New Phase of Carbon Shows Unique Properties

q-carbonA new form of carbon that has unprecedented strength and magnetism properties is making its mark in the world of materials science.

Researchers from North Carolina State University have recently developed a new phase of carbon called Q-carbon—an extraordinarily strong material that differs from carbon’s other two solid forms.

The first solid phase of carbon is graphite. Graphite is composed by lining up carbon atoms to form thin sheets, which results in a thin and flaky material. The other phase of carbon, diamond, occurs when carbon atoms form a rigid crystal lattice.

Third Phase of Carbon

“We’ve now created a third solid phase of carbon,” says Jay Narayan, lead author of the research. “The only place it may be found in the natural world would be possibly in the core of some planets.”

Q-carbon differs from both existing phases of carbon, with unique characteristics that researchers did not even think were possible prior to its development, such as its magnetic and glowing qualities. To fully understand its novel qualities, it’s essential to understand how Q-carbon was developed.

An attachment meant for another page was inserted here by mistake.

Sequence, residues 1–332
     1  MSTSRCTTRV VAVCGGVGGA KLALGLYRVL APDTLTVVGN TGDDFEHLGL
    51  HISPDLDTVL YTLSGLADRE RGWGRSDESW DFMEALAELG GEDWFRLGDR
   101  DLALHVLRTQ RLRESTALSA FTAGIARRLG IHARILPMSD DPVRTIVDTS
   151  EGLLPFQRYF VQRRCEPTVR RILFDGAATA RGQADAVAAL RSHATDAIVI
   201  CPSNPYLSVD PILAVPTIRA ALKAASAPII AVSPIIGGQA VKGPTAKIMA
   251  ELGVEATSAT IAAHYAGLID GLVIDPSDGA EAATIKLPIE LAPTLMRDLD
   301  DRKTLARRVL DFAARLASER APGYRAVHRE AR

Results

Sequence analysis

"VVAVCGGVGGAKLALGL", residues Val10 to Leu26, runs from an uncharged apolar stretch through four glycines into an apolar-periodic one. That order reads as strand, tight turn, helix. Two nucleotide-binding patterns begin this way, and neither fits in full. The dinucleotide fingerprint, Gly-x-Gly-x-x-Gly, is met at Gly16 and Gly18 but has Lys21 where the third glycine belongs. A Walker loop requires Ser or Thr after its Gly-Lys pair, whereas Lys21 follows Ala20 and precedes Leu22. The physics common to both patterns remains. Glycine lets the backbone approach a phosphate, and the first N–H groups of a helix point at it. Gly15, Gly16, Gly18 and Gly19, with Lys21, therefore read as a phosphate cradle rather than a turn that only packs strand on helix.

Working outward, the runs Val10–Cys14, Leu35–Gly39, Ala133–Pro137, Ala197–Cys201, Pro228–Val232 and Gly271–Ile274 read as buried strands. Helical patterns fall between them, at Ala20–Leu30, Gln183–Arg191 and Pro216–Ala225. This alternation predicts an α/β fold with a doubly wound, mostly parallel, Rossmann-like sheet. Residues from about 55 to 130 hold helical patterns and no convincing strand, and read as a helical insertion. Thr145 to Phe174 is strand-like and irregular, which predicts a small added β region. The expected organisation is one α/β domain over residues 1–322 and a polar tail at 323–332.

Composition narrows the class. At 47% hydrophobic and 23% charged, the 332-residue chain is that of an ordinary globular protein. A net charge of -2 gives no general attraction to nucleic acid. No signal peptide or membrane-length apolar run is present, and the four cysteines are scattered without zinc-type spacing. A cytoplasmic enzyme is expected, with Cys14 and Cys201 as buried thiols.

This from North Carolina State University:

Researchers start with a substrate, such as such as sapphire, glass or a plastic polymer. The substrate is then coated with amorphous carbon – elemental carbon that, unlike graphite or diamond, does not have a regular, well-defined crystalline structure. The carbon is then hit with a single laser pulse lasting approximately 200 nanoseconds. During this pulse, the temperature of the carbon is raised to 4,000 Kelvin (or around 3,727 degrees Celsius) and then rapidly cooled. This operation takes place at one atmosphere – the same pressure as the surrounding air.

Read the full article.

Potential Applications

The end product is a film of Q-carbon between 20 and 500 nanometers thick. One possible application for Q-carbon could be super-thin, durable screen displays. However, researchers are still working to understand the properties to Q-carbon and all its potential.

“We can make Q-carbon films, and we’re learning its properties, but we are still in the early stages of understanding how to manipulate it,” Narayan says. “We know a lot about diamond, so we can make diamond nanodots. We don’t yet know how to make Q-carbon nanodots or microneedles. That’s something we’re working on.”

[Image: Journal of Applied Physics]

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